It’s Preptober! (If you’re new to the whole NaNoWriMo world, Preptober is using the month of October to prepare for NaNoWriMo come November.)
In my experience, having done 15 different NaNo and Camp NaNo sessions, I’ve found that choosing the correct project is a huge determinant of whether or not I will have a successful session.
In light of that, here are some of my tips for choosing the right project to work on during NaNoWriMo this year.
Choose something you are excited to write about.
Some of my hardest NaNo experiences have been because I chose a project I wanted to write, but I didn’t want to write it badly enough to dedicate the appropriate amount of time to the prep and writing during the month, leaving me feeling more unfulfilled than excited about the time I had spent writing a first draft.
Don’t choose something based on your excitement alone.
In complete contrast, it is of vital importance not to choose a project solely because you are excited about the idea. My worst NaNoWriMo experience, by far, was last year when I wrote a novel I completely excited about writing, but it was a new idea, it was a new genre, and I was *this* close to never doing NaNoWriMo again because of the project. (more on that story another time)
Just because a project is exciting doesn’t mean it is a good story to choose to write during NaNoWriMo. NaNo is tough, and excitement isn’t enough to carry you through the long days of the month. The story has to be built on more than just your feelings about it. Does it have a clear plot? Do you know the characters? Do you know about the genre and setting well enough to be confident while writing? These are really important things to consider when that shiny new story idea is practically begging you to write it.
Ask yourself whether you want to tackle something new or familiar.
This question can refer to a multitude of things. It could be in reference to a new genre, a new series or standalone, or style. If it weren’t for NaNo I would have never tried writing anything outside of fantasy. But it isn’t always a good idea to write a story in a genre you’ve never written before for NaNo. While I’m all for bending genres and styles for your story and voice, it can be an overwhelming jump from fantasy adventure to modern thriller and trying to do so effectively doesn’t always happen during a time like NaNo when the amount of words written is more important than the quality of those words.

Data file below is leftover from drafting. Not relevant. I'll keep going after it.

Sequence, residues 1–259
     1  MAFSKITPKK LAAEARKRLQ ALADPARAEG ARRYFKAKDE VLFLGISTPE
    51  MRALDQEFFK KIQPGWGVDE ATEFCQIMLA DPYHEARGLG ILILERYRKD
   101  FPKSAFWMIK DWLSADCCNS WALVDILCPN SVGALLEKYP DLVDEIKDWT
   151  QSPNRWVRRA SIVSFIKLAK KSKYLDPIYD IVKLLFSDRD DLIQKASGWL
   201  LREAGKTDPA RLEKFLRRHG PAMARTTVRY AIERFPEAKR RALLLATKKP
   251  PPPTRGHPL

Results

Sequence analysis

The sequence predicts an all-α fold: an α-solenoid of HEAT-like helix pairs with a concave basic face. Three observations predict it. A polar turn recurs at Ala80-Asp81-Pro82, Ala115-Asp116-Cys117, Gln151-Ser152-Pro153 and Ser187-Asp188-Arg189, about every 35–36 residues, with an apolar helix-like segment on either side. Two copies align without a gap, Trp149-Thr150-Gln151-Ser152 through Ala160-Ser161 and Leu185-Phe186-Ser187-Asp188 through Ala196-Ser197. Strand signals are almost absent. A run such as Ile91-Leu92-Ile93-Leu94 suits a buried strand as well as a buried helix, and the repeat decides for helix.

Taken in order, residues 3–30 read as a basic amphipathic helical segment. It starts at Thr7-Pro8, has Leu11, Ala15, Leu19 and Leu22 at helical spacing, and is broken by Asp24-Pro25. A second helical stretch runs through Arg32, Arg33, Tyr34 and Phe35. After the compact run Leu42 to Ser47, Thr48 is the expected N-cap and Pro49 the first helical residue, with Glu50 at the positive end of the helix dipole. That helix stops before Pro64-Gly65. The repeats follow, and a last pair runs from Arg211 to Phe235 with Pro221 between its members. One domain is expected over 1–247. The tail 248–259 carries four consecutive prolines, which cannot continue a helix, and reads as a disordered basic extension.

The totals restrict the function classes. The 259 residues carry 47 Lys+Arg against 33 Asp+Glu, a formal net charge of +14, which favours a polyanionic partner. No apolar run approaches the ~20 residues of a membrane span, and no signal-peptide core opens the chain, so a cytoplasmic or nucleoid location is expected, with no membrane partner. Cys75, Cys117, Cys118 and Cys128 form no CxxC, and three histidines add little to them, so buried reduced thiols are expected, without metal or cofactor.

You have to decide well in advance of NaNo whether you want to take the plunge and do something new or stick to what you know. And once you’ve made that decision, you have to stick to it and remember the extra work involved in writing something new or out of your comfort zone.
Choose a story you know.
This is a bit of tricky step, because it is definitely possible to write a novel based alone on the prep you do the month before, but I’ve found that going into NaNo with a story you’ve been thinking about for at least three months before prep month is a much safer and easier way to tackle NaNoWriMo. Not only will you feel more prepared, but because the story has been building in your mind for so long, its likely that the different elements of the story, like the character voices, will be much more nuanced in the first draft and won’t cause problems during NaNo. (There’s not much worse than hitting a block during November because you haven’t spent enough time with your characters to know how they would react to the events of the plot.)
Try the story out before committing to working on it during NaNoWriMo.
This has been an invaluable step for me when thinking about the projects I want to work on. I know I’m excited for the story, I know it has enough substance to sustain me while writing, and I’ve developed the story to a point where I know enough to write it. The next step is actually testing the waters. Even if you’ve checked the last three boxes, what in theory seems like a good idea may not work in real life. If you go to my Pinterest you will find storyboards for projects I thought I would work on during NaNo only to have tested them and come up with nothing. I don’t know if there is a reason for this, but sometimes ideas regardless of how well you know them, are not easy to write. Four of my pinterest storyboards were created with the intention of being NaNo novels, but after writing a few test scenes I realized that they weren’t projects I would be able to effectively write during NaNo.
Don’t be discouraged by this. Put the idea away for the time being and come back to it when writing to a deadline isn’t an obstacle. There’s a time and a place for that idea even if NaNo isn’t it.
And there you have it. Those are a couple of my tips for sifting through your ideas as you tackle what you want to write for NaNo!
Are you participating in NaNoWriMo this year? Let me know what kind of project you are thinking of writing this session.